Speaking in plenary is a key mark of MPs’ understanding of their job

From left: Kapseret MP Oscar Sudi, Nakuru West MP Samuel Arama and Kilgoris MP Gideon Konchella. They are among 21 legislators who did not utter a single word in Parliament. PHOTOS | FILE | NATION MEDIA GROUP

What you need to know:

  • Yet the fearless Sudi of public fora, Sudi the daredevil of social media and news events, speaks not a word in Parliament.
  • But what Mr Sudi is arguing is that he does not have to speak in the plenary in order to be effective or to be judged as effective.

Nobody in Kenya’s 12th Parliament shoots from the hip as often as he does.

None is as vociferous and voluble in attack on behalf, and in defence, of Deputy President William Ruto, as he.

He does not shy from hurling invective and obscenity when he takes on the DP’s enemies.

FEARS NOBODY

He spares nobody, suggesting he fears nobody, not least the President.

He is Mr Oscar Sudi, the Member of Parliament for Kapseret in Uasin Gishu County. Yet the fearless Sudi of public fora, Sudi the daredevil of social media and news events, speaks not a word in Parliament.

This is according to Mzalendo Trust, the lobby that tracks the performance of Kenya’s MPs on the floors of the twin Houses of Parliament.

Its report for the September 2017 to December 2018 period, released last week, shows Mr Sudi did not utter a word from the floor of the National Assembly.

Why this supreme irony?

When, in June last year, the Mzalendo parliamentary performance index listed Mr Sudi among the worst-performing MPs, he let rip in controversial fashion. He said he had left the floor of Bunge for MPs from Nyanza because they speak “too much English”.

He said there are many roles MPs play in and outside the Houses and in and out of House committees.

But, he was quick to remind, when there were crucial votes, he would be present and vote. And he retorted that his constituents were not complaining about his performance as their MP.

ENTER MZALENDO.

By tracking and ranking the performance of MPs in plenary, the lobby attempts to sensitise the public about the work of MPs, cause scrutiny and discussion of their performance and bring about greater participation in national debates and parliamentary democracy.

But what Mr Sudi is arguing is that he does not have to speak in the plenary in order to be effective or to be judged as effective.

Indeed, more than 60 per cent of the work of Parliament is carried out in and by committees. Could an MP be effective in committees and not the plenary?

It is possible that an MP could perform outstandingly in one and not both, but it is not possible that one would shine in one and be completely silent in the other.


The plenary is the face of Bunge; the plenary is the nation in conversation; and the plenary takes Bunge to the people. To most Kenyans, the plenary is Bunge, which means performance on this stage is indeed being at work and being seen to be at work. But is that reason enough to conclude Mzalendo Trust is right to promote – or lay premium on – performance in the plenary at the expense of the committees?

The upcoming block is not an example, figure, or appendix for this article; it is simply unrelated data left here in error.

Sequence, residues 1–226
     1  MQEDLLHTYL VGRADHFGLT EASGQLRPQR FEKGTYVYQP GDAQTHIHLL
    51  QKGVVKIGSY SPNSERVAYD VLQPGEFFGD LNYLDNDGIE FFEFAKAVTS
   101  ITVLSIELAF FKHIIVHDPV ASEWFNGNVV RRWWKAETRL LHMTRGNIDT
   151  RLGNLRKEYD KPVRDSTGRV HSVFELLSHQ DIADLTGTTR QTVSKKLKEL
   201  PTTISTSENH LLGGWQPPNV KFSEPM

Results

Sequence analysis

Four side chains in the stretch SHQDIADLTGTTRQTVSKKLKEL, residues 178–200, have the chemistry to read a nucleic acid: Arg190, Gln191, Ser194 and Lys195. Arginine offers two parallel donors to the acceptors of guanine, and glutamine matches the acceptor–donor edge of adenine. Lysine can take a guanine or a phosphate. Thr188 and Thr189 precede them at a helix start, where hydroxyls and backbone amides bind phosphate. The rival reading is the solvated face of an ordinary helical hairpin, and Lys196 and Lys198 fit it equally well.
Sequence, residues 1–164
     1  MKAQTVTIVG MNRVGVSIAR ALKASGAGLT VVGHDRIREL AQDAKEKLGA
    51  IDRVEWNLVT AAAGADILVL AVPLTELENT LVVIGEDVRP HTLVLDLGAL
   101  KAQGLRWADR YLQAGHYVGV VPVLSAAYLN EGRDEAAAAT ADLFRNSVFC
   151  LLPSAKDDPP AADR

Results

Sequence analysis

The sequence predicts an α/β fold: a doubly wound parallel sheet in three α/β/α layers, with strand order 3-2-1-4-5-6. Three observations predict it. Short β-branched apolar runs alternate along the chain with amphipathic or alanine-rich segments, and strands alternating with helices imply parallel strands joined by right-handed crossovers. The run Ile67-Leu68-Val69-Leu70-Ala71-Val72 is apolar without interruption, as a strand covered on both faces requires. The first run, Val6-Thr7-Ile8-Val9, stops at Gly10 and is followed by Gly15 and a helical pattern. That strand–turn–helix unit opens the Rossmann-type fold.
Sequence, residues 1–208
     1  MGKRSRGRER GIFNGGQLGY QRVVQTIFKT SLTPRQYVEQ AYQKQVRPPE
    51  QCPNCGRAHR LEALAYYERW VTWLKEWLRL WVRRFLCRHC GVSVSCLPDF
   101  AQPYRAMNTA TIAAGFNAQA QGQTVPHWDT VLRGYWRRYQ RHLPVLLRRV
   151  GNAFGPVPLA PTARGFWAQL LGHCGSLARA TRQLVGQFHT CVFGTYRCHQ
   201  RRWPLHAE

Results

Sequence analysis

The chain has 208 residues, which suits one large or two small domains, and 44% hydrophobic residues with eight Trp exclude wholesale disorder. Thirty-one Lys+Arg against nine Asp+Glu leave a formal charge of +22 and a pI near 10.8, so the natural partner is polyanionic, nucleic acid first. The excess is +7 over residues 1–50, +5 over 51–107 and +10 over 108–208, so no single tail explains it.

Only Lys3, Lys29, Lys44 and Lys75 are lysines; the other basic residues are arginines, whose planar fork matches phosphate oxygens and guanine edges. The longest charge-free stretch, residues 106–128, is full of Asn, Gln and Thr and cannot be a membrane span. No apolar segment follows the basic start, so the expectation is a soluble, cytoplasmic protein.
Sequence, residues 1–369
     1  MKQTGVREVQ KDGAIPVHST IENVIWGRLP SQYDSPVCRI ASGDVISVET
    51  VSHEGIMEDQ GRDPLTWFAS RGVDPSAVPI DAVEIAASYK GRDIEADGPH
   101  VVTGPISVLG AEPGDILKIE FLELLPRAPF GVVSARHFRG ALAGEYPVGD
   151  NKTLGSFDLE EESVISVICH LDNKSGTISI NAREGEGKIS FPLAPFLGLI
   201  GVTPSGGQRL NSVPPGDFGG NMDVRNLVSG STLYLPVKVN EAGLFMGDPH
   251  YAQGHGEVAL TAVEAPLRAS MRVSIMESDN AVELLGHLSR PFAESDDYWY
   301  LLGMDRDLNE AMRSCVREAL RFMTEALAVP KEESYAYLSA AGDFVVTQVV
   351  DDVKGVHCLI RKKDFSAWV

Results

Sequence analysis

No, precisely because the plenary does not constitute even half of the work of MPs.

I noticed, for example, that Busia Senator Amos Wako was listed among MPs who did not contribute to debates during the period in review. I would hesitate to use that to rank him as a non-performing MP.

But I would question his silence given his wisdom, experience, ability to think on his feet and proclivity for mediation and arbitration.

KEEP QUIET

That would drive me to investigate his role in committees. How about Mr Sudi's argument that he must be doing well because his constituents are not complaining?

Electors should not keep quiet when their representatives do not speak in the National Assembly or the Senate.

For one thing, the MP is supposed to articulate their aspirations, expectations and concerns as well as positions on the crucial issues of the day.

For another, Bunge is the stage on which their son or daughter is licensed by them to perform to showcase them as Kenyans and believers in democracy.

All politics is local, but Bunge is the melting pot in which it is displayed, in the persons and performance of MPs, for the nation to behold.

Three, while one’s contribution in the plenary may not be the measure for one’s performance or competence, it surely is an indicator that one is conversant with the issues being discussed and is able to articulate the concerns of electors and proffer solutions.

That is leadership and great leaders have always been good speakers. What better place to speak than Bunge?

I remember these words by the late Chelagat Mutai: “Nilipokua Bunge niliongea mpaka dunia nzima ilijua Eldoret North (When I was MP, Eldoret North was famous globally because of my speeches.)”

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